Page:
Will Congress Pass the Jobs Bill?

Iowa City Owl Political News and Opinion
With 2012 elections looming just around the corner, tensions couldn’t be higher in Washington. Americans are showing more and more frustration, with a recent poll putting the number of people who approve of how Congress is doing its job at a mere 12%. A low like this hasn’t been seen since October of 2008, at the height of the economic crisis. The US seems unable to come together on any issue or topic, with the exception of a blatant dislike for politicians’ plans.

In an environment like this, it will be hard to get any legislation passed, much less a controversial jobs bill. While Democrats seem to be consistently urging the President to try something even larger and more daring than the last stimulus, fiscal conservatives are nothing short of horrified at the prospect of spending more money and sending the country into further debt. The President has sought to fight these objections, promising to reduce the deficit by “[offering] specific proposals that can achieve savings ‘more ambitious’ than the committee's $1.5 trillion target.” He also said that [the plan] would be "balanced," involving both spending cuts and tax increases. He affirmed that it would "stabilize debt in the long run."

Whether or not these claims are true remains to be seen as the National Debt Panel and Congress work with President Obama to reach these goals before the American Jobs Act of 2011 is denied approval. The media has offered various descriptions of the bill, attempting to condense this 155 page document down to a few bullet points.

The website opencongress.org does an effective job of explaining what this bill would do:

“[The bill] would extend several stimulus measures that are scheduled to expire at the end of 2011, including the employee payroll tax holiday, extended unemployment insurance, and accelerated expensing for businesses. It also includes several new measures designed to prevent layoffs and encourage businesses to hire new workers. These include $35 billion in aid to local governments to help slow job losses in the public sector, about $100 billion in various infrastructure improvement programs, tax credits for businesses that hire long-term unemployed workers, and reductions in the level of payroll taxes that businesses have to pay. The stimulus provisions would add $447 billion to the deficit over the next ten years, although it suggests offsetting the costs by raising taxes on wealthy Americans and by closing corporate tax loopholes.”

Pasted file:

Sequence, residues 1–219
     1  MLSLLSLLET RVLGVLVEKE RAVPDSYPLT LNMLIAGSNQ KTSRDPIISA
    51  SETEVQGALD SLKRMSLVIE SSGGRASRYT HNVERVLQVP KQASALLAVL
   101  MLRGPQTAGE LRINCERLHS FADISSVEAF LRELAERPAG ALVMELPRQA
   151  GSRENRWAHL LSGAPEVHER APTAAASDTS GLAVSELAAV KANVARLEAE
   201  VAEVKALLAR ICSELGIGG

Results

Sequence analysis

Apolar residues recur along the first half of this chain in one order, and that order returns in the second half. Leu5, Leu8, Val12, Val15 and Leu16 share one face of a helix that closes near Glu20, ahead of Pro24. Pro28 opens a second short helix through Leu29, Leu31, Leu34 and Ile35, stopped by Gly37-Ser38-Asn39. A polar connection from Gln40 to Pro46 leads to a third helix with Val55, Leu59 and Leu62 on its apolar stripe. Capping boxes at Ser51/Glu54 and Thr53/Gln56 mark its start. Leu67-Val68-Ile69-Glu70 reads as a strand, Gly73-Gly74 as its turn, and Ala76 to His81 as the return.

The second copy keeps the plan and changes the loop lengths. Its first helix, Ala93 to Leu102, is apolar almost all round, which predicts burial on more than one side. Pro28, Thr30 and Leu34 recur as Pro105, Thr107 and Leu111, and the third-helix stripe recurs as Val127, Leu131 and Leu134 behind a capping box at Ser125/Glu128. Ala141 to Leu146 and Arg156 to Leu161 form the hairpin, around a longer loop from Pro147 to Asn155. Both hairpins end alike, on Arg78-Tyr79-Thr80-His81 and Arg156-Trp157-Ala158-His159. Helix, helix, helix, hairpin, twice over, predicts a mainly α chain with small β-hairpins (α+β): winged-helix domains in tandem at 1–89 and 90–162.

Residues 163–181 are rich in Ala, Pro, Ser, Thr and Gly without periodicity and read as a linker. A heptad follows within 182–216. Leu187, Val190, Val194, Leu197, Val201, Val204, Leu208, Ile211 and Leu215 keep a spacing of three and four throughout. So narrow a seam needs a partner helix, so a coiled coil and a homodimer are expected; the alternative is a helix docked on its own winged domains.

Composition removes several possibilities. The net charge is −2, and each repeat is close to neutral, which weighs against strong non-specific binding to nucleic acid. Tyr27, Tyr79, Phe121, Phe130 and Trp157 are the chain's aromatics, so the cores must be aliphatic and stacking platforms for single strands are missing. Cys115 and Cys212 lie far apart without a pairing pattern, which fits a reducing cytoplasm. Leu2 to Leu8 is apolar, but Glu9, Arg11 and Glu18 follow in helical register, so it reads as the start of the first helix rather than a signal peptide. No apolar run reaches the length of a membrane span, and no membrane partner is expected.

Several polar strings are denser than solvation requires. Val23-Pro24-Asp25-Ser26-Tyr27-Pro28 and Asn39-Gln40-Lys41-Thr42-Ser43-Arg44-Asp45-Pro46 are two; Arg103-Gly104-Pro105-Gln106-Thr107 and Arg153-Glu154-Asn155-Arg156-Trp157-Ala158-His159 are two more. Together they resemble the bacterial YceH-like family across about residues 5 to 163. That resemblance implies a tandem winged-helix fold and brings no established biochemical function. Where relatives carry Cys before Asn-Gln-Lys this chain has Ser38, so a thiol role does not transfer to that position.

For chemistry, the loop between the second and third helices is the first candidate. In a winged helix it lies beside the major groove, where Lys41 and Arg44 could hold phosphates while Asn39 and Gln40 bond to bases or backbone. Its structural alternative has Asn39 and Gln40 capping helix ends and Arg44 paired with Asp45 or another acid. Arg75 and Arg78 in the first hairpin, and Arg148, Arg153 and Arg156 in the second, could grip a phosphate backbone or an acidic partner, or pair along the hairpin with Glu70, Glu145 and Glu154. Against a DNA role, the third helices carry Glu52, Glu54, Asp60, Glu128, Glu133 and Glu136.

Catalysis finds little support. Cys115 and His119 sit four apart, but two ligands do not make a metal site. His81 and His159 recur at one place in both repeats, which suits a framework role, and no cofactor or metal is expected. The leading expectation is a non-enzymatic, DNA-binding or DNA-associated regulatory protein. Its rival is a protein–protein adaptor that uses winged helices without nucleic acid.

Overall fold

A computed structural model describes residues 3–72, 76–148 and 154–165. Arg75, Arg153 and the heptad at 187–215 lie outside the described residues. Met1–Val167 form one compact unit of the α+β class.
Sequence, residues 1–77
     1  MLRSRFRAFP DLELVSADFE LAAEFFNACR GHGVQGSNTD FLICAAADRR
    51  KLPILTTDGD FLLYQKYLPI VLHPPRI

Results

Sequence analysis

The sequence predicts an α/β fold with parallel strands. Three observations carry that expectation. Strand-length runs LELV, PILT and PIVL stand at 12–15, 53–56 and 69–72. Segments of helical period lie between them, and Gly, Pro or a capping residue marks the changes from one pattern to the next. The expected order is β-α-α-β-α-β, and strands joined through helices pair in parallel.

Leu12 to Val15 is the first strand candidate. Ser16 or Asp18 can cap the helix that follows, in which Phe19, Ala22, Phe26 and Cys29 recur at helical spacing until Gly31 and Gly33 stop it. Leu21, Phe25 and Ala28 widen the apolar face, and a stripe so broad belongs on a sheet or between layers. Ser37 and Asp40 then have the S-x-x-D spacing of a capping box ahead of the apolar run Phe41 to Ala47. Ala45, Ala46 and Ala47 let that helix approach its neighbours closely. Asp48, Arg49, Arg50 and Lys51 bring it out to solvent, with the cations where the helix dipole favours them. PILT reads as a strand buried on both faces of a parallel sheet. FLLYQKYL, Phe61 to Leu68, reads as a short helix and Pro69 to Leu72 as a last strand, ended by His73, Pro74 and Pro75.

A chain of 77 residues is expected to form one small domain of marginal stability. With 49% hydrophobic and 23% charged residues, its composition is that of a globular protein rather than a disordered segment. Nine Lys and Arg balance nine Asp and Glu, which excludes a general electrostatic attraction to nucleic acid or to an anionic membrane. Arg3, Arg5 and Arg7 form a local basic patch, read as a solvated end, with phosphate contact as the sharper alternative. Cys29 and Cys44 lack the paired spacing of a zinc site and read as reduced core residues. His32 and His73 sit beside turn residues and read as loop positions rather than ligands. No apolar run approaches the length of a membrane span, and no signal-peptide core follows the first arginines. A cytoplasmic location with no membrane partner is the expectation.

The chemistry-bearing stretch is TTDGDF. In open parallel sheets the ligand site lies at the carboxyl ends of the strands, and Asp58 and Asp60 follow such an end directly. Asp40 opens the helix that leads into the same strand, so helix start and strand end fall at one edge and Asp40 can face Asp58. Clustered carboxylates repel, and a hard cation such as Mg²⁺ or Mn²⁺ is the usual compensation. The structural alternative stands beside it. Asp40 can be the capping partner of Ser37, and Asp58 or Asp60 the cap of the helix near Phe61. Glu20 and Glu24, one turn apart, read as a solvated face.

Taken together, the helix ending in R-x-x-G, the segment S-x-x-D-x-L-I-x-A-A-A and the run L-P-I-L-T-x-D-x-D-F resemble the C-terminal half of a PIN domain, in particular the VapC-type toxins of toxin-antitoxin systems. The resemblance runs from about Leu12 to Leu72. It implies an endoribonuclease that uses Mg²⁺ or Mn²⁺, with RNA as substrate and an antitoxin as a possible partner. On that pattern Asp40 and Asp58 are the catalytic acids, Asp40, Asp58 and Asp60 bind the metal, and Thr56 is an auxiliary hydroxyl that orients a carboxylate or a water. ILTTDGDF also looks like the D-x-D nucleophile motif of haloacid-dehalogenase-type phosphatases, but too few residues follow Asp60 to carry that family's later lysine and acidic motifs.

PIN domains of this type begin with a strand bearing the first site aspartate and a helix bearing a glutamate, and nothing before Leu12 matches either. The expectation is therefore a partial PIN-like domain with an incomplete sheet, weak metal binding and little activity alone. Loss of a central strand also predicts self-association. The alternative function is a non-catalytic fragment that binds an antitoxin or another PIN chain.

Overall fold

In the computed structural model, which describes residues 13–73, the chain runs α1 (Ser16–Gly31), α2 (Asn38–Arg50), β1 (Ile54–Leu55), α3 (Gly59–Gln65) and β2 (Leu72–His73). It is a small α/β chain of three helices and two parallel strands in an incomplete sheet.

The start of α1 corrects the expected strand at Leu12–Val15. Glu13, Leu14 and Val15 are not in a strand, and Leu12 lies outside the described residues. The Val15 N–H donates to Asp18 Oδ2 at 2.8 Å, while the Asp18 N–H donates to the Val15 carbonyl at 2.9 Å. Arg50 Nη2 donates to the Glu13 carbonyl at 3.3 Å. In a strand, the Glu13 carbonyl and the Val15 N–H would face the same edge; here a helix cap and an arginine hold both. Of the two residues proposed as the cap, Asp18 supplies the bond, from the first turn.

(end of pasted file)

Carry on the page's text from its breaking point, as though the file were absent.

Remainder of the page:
Many believe that this stimulus will not work because it has not been heavily supported by employers, who say that the sorts of initiatives found in the bill are not what they need. Instead, they describe a need for more consumer demand which will lead to more profits and therefore allow them to hire for the long-term and full-time positions which are so lacking.

Even Democrats who would typically show strong support for this type of legislation are not optimistic. They seem to either think this will not be a strong enough push, or that it will not get passed because there are certain portions which will be vehemently opposed. Some are saying there is a need to split up the bill into parts which can be more easily passed. On the other side of the aisle, Republicans seem eager to show their absolute refusal to side with Obama on any issue, most likely in anticipation of the upcoming election. Those Republicans who demonstrate a clear opposition to the President’s agenda now will likely be favored should a GOP member win in 2012.

With dire unemployment and underemployment numbers, rising poverty, and threats of economic crises or collapse world-wide, it will certainly be difficult for Congress to pass anything not guaranteed to solve the problems. Since the last stimulus has been essentially judged by the American public as completely ineffective, it is doubtful this sibling bill will pass in its current state.
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